College education not the only way

August 01, 2010|By HEATHER LOWERY
  • Bernie Bussard leads a class Friday at Associated Builders and Contractors Inc.-Cumberland Valley Chapter, for students interested in learning about heating and air conditioning.
Kevin G. Gilbert, Staff Photographer

o Online degrees gaining acceptance

o Majority of '09 Washington County grads planned more education

Education experts agree that high school graduates who further their education have a brighter employment future than those who don't. But a traditional college is not the only option.

Trade schools and other institutions provide a range of training and experience that can help students advance in the careers of their choice, educators say.

For instance, in Washington County:

o Washington County Technical High School offers 19 programs to incoming high school juniors.

o Award Beauty School in Hagerstown offers cosmetology and nail-technician programs.

o Associated Builders and Contractors Inc.-Cumberland Valley Chapter, offers training in carpentry, electrical, HVAC (heating, ventilation and air conditioning) and plumbing.

Despite the training received at Washington County Technical High School, students are encouraged to further their education, said Principal Jeffrey Stouffer.


In some cases, though, students are poised to obtain jobs, he said.

"We always encourage higher education, but it depends on what they (the students) get into," Stouffer said. "When they are ready to graduate, we do send out a survey, and 64 (percent) to 68 percent report that they plan to go on to higher education. That could be college or a trade school."

In some trades, students are prepared to get jobs right out of school, he said.

"For cosmetology, we give them their full licensing here," Stouffer said. "If you spend your time here in the cosmetology program, you get your hours and then you go on to take the state board test. If you pass, you are fully certified and it's a huge saving."

At Tech High, which Stouffer noted had a 100 percent graduation rate in 2009 and no dropouts for 2 1/2 years, education goes beyond training in a trade.

"We have a lot that we are offering," Stouffer said. "We have the students for two straight years. They come in and get their academics, they are able to play all the sports at their home school, and it really works."

"We are one of three high schools in the nation to have top modeling programs for biomedical science and pre-engineering. And we are expanding. We have new programs coming in," Stouffer said.

"We will probably have 480 to 500 students this year, which is higher than ever," he said.

Tech High offers AP (Advanced Placement) classes, which can result in college credits. Tech High also works with Hagerstown Community College to offer the Essence Program, in which students take courses for college credit. Honors classes also are available for those who qualify at the high school.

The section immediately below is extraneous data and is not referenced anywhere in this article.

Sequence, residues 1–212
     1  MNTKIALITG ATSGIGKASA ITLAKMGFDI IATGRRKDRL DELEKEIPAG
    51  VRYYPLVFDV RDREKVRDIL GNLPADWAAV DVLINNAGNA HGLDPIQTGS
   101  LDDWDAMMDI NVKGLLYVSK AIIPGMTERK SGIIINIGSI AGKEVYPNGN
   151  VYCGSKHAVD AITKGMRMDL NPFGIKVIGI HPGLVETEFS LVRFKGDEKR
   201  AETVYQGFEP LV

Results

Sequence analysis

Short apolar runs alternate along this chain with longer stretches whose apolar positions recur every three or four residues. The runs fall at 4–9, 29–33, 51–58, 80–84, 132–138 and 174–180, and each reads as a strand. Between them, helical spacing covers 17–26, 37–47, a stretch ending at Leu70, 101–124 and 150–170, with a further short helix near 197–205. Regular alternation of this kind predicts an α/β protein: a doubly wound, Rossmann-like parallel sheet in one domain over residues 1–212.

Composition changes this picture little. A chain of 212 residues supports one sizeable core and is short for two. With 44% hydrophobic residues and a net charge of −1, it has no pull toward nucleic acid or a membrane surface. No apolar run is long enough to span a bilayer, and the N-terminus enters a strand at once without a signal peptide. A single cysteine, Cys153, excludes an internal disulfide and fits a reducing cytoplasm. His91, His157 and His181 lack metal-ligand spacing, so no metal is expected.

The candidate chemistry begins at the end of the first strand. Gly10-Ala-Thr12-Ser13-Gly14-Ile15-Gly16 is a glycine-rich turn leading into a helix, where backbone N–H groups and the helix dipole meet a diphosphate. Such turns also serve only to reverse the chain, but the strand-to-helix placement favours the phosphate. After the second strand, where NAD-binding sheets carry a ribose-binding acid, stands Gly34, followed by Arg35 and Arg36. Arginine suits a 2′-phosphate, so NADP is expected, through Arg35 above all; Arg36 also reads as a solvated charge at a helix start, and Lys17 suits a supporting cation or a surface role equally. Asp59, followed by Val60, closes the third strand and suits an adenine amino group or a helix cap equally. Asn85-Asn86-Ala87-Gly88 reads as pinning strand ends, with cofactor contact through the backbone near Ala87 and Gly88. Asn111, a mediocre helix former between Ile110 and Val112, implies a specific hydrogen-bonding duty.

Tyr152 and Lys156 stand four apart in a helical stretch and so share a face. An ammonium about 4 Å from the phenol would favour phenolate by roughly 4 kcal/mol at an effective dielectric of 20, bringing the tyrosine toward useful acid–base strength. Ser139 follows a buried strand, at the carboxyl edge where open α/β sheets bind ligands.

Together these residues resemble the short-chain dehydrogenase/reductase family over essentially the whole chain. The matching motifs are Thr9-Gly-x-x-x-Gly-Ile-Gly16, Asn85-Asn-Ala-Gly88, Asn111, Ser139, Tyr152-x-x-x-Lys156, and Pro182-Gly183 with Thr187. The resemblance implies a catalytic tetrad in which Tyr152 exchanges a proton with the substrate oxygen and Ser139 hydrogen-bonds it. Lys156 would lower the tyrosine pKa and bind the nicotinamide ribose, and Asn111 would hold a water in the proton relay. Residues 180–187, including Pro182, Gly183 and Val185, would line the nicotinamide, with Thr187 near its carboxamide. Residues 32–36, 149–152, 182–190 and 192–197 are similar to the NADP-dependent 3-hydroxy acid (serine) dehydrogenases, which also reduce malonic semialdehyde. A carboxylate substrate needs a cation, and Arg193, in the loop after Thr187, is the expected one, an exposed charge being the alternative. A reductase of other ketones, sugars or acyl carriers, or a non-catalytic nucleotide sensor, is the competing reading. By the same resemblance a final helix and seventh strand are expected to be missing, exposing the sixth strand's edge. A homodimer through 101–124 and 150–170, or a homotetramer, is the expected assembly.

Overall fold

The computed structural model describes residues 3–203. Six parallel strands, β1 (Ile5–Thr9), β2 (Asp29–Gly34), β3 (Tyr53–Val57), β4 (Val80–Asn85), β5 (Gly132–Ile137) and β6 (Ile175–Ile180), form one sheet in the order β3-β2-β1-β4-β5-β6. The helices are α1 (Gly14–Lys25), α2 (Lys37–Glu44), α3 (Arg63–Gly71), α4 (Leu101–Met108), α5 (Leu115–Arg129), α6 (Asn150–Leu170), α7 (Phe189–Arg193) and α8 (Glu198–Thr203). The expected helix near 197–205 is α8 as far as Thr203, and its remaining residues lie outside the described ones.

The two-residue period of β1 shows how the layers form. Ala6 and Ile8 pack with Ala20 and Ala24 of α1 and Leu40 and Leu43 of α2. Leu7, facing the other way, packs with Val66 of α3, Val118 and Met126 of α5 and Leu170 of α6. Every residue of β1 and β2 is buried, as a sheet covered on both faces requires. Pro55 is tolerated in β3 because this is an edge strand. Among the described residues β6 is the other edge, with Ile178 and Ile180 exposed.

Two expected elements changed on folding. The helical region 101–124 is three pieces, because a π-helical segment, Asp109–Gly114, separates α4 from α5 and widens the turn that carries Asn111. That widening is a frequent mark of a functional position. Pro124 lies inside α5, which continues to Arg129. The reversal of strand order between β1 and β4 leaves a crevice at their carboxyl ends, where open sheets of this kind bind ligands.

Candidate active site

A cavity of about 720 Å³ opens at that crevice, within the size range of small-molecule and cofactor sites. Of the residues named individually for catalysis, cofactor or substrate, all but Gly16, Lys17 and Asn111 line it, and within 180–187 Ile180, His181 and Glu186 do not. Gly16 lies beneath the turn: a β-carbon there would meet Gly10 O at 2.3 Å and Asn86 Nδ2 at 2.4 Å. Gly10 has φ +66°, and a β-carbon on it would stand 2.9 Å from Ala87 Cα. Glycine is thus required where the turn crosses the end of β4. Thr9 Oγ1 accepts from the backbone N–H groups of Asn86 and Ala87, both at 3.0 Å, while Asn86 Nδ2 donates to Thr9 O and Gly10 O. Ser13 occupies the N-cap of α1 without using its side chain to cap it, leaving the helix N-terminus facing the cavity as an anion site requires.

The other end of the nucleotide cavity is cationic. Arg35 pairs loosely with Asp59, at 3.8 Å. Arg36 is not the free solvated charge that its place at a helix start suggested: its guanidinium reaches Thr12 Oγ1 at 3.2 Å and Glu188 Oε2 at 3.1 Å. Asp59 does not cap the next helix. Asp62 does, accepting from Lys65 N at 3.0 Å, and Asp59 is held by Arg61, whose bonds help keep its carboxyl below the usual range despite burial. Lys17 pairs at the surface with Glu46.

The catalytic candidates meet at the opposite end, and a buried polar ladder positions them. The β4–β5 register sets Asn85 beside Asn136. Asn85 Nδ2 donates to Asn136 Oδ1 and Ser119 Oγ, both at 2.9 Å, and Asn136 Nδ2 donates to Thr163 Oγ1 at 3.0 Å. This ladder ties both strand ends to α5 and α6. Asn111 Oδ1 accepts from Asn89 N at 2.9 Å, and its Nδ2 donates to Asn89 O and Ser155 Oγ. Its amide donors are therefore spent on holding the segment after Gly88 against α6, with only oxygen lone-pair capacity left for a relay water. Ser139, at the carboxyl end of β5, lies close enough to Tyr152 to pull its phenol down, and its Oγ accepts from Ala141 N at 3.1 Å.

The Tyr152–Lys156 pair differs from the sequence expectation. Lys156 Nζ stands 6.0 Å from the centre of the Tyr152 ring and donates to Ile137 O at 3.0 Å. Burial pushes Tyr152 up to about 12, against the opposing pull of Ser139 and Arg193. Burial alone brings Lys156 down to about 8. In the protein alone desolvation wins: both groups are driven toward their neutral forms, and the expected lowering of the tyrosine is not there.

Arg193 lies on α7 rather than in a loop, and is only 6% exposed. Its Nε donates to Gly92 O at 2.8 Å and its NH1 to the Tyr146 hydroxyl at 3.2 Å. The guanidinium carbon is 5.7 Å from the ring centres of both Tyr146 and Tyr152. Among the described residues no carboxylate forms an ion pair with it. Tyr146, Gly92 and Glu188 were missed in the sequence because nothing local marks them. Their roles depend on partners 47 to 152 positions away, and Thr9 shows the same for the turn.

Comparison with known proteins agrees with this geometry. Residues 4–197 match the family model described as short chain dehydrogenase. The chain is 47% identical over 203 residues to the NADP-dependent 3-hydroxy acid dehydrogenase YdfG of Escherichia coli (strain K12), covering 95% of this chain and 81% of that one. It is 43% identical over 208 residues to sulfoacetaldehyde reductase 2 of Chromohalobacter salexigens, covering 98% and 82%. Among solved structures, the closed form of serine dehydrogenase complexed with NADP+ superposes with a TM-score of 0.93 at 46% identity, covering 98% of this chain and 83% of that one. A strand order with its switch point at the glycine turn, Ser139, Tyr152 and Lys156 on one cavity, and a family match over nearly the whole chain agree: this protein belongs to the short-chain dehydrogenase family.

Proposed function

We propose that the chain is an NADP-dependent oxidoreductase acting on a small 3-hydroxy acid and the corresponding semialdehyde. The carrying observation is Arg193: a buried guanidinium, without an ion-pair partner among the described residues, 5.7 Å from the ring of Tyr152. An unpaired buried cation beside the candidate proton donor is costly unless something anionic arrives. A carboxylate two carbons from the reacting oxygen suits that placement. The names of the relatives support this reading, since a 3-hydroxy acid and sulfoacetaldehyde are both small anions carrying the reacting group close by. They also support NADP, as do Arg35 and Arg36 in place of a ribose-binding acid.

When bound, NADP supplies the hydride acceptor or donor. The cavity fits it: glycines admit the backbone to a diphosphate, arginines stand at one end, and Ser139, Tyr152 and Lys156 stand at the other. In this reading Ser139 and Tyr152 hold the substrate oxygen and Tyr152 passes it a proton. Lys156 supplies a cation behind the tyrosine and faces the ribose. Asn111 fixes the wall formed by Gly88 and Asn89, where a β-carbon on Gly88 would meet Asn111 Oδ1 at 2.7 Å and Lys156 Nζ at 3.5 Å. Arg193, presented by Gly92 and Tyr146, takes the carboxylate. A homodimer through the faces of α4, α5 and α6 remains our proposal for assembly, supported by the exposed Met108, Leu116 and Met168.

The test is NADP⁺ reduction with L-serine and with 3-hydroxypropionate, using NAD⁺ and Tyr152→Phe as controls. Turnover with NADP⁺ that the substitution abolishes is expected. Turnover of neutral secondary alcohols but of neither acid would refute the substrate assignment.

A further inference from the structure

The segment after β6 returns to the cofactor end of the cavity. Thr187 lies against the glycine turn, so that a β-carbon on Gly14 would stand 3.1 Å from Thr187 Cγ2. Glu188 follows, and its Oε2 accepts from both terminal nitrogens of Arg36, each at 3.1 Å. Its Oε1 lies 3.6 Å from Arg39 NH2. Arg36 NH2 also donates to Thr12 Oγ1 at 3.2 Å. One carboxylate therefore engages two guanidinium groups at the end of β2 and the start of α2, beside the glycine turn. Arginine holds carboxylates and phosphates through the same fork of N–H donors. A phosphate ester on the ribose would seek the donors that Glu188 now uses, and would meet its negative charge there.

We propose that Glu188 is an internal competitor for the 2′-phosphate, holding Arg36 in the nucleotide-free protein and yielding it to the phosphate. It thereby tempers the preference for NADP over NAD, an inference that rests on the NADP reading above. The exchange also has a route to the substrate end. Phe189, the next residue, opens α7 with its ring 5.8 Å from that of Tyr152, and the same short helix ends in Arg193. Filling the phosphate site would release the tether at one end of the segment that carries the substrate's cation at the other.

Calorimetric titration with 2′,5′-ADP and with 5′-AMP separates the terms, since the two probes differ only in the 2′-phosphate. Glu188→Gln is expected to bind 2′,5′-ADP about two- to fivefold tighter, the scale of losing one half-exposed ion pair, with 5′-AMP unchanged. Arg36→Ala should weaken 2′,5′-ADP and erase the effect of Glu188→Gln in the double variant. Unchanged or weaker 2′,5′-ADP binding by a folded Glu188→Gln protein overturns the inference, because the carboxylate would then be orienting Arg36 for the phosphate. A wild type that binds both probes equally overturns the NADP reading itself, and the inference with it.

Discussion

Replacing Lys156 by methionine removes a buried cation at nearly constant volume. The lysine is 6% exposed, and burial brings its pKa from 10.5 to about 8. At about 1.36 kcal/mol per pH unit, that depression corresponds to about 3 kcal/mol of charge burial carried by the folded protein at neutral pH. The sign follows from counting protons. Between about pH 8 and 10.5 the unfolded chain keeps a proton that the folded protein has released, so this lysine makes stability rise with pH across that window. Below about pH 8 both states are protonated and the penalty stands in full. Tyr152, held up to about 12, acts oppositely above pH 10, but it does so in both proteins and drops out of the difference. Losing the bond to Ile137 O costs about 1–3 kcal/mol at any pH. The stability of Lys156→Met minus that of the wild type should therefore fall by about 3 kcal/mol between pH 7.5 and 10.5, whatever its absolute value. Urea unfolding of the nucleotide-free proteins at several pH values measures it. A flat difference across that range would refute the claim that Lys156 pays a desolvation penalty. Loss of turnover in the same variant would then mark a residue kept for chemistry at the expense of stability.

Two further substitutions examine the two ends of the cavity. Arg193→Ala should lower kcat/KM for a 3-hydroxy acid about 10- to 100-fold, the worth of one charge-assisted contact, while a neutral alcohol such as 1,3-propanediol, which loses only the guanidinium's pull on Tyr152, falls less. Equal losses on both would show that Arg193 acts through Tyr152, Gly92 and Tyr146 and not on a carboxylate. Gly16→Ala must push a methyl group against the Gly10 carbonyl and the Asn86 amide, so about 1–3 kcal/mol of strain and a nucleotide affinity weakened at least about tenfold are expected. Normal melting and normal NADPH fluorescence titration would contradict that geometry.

Other options

o Award Beauty School and Associated Builders and Contractors Inc.-Cumberland Valley Chapter offer services in Washington County for students who want to continue developing their skills, and those who want to learn trades, but did not have the opportunity to do so in high school.

"We offer cosmetology and nail-technician programs. It is a certificate diploma," said Mary Ellen Sommerfeld, school director for Award Beauty School.

Award Beauty School is accredited by the National Accrediting Commission of Cosmetology Arts and Science (NACCAS). The school instructs students and provides them with the knowledge to take the Maryland state boards in theory and practical exams, Sommerfeld said.

Anyone may attend Award Beauty School. Financial aid is available for those who qualify.

o Associated Builders and Contractors-Cumberland Valley Chapter, accredited by the University of Florida, offers training in carpentry, plumbing, HVAC and electrical.

"We offer everything from entry level all the way up to journeyman, and to master's level training," said Bob Simmers, education director at ABC.

Daytime and evening classes are offered. Daytime classes are accelerated programs, in which students attend school for 20 hours a week for nine weeks, which accounts for one year of training.

Evening classes are offered two nights a week from September to April. The majority of students enrolled in the evening classes are already employed by contractors, but other students also are enrolled.

"About 50 percent of the education is in the classroom and 50 percent is hands-on training in a shop that is fully equipped, and they (students) are tested in both areas," Simmers said.

ABC offers payment plans and has a limited number of scholarships available, Simmers said.

The economy is looking up for employees of the trades, according to Simmers.

"The Department of Labor projects that over the next eight years, employment for people in the trades will increase by 14 percent, except for HVAC, which is projected to increase by 28 percent, and that's because of the demand for energy-efficiency and green energy," he said.

There are other advantages to completing a degree through ABC, he said.

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